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Much has changed in Johnson’s 24 years

Kenneth Johnson has seen the world of wildlife conservation change dramatically since he walked off the stage with his diploma at Auburn and into the Alabama Department of Conservation and Natural Resources.

That transition was literally continuous.

“I graduated from Auburn on March 18, 1974 and came down here on March 19,” Johnson said of his assignment as manager of Blue Springs Wildlife Management Area near Andalusia. “I put in my application and was interviewed before I graduated. Originally, they wanted me to come to work on the 18th, so I called Bill Holland (Chief of Wildlife) and asked him if I could come on the 19th. But I told him that if it made the difference of me getting or not getting the job, I’d be there on the 18th. I told him I had family coming to watch me graduate, so he told me the 19th was fine.”

A native of Aliceville, Johnson is now firmly entrenched in the Andalusia area. During those 34-plus years in south Alabama, he has witnessed quite a transformation in attitudes concerning wildlife, especially when it comes to deer hunting.

“When I came to work, shooting does was taboo,” Johnson said. “Now, that attitude has changed. Now it’s open season for both sexes, and we still can’t shoot enough in some areas.”

Johnson served as District Supervisor for District VI, which encompasses a good bit of southeast Alabama, for 24 years. In 2004, he was chosen to head the Wildlife Habitat Enhancement Unit, which was developed to provide technical assistance to the Natural Resources Conservation Service for implementation of certain aspects of the Farm Bill.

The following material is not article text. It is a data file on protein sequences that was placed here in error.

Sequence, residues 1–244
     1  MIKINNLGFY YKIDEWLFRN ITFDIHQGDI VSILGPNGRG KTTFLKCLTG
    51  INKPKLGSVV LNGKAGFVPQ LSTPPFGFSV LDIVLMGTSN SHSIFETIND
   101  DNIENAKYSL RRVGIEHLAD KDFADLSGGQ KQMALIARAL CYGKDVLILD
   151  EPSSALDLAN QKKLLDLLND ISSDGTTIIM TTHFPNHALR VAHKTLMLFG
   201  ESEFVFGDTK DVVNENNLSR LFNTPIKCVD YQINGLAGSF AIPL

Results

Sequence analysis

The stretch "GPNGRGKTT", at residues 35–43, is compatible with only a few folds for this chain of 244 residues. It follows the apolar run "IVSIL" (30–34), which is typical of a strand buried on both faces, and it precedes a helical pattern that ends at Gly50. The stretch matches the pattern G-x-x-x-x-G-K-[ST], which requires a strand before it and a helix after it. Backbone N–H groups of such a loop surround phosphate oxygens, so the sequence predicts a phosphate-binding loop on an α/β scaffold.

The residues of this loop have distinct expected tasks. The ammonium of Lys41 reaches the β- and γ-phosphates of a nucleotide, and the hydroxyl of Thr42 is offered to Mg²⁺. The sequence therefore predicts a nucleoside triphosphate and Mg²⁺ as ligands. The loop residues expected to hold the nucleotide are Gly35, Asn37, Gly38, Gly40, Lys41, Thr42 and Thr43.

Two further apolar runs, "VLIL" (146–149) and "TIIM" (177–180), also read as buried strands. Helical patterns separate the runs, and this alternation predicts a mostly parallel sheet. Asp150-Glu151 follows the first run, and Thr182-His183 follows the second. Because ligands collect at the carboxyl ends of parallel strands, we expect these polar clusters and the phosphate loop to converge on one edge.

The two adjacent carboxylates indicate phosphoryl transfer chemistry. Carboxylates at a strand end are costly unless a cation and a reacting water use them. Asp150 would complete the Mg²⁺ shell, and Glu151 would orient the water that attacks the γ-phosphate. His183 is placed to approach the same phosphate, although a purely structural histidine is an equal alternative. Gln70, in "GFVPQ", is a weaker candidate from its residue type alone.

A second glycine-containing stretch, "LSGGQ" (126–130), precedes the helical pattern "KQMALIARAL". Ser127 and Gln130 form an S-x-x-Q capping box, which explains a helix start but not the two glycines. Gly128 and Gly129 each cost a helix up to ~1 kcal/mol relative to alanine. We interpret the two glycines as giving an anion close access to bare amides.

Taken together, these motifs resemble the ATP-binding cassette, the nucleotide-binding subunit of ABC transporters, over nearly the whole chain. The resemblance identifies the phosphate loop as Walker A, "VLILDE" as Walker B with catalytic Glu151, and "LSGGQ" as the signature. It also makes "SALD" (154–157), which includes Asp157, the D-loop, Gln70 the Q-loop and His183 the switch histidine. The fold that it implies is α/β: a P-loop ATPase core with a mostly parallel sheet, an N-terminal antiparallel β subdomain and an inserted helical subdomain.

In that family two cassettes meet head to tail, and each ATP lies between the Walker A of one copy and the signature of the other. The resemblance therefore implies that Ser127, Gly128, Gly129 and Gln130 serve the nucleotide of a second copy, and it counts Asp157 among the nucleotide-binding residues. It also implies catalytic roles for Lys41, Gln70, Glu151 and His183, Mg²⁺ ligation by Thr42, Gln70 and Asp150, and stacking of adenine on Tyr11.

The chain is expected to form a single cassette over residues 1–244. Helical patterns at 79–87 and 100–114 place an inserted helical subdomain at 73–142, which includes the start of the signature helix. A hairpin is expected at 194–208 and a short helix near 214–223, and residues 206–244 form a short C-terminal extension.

Johnson’s work has not gone unnoticed. He was named the 2008 Wildlife Biologist of the Year by the Southeastern Association of Fish and Wildlife Agencies. The Wildlife Biologist of the Year award is the organization’s most prestigious wildlife award.

“Kenneth has led by example, and our wildlife resources have benefited greatly from his efforts,” said Corky Pugh, Director of the ADCNR’s Wildlife and Freshwater Fisheries Division.

On Jan. 1, 2009, Johnson will transition into the world of retirement, which will give him more time to contribute to the community.

“I also have some hunting land I lease at Loango. I plan to spend a lot more time up there. I love to disk, bushhog and manage that land. I’m going to continue to work with wildlife, but I’m going to it on that land more intensively than I’ve done in the past. Managing that land is going to be my satisfaction.”